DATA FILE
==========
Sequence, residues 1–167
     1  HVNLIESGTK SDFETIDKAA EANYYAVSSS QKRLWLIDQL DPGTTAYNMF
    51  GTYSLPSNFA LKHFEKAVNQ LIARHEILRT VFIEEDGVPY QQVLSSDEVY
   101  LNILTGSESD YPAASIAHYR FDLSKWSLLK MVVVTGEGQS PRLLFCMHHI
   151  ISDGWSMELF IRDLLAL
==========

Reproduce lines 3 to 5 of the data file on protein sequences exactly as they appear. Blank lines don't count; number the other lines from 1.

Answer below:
    51  GTYSLPSNFA LKHFEKAVNQ LIARHEILRT VFIEEDGVPY QQVLSSDEVY
   101  LNILTGSESD YPAASIAHYR FDLSKWSLLK MVVVTGEGQS PRLLFCMHHI
   151  ISDGWSMELF IRDLLAL